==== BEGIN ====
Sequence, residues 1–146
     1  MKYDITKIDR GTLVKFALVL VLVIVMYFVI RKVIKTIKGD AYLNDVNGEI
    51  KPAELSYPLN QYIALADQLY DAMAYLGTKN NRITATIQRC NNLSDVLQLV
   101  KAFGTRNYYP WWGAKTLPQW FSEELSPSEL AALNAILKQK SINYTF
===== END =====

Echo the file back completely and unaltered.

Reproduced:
Sequence, residues 1–146
     1  MKYDITKIDR GTLVKFALVL VLVIVMYFVI RKVIKTIKGD AYLNDVNGEI
    51  KPAELSYPLN QYIALADQLY DAMAYLGTKN NRITATIQRC NNLSDVLQLV
   101  KAFGTRNYYP WWGAKTLPQW FSEELSPSEL AALNAILKQK SINYTF